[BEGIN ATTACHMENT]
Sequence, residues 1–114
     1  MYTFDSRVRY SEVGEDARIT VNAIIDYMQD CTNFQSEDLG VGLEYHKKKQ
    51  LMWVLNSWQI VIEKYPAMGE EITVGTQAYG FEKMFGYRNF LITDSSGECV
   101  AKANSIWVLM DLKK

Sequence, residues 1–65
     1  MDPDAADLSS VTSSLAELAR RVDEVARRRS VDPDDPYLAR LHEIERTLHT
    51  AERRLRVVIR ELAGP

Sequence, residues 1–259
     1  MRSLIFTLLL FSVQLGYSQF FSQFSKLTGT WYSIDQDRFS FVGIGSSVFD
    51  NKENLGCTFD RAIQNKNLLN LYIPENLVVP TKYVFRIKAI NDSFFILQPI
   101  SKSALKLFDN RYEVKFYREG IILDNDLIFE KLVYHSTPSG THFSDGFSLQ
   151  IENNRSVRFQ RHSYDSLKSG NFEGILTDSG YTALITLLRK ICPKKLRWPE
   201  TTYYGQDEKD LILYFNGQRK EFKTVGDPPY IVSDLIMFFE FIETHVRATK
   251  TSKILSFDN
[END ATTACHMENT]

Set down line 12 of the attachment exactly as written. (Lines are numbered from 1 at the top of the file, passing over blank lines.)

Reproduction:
   151  IENNRSVRFQ RHSYDSLKSG NFEGILTDSG YTALITLLRK ICPKKLRWPE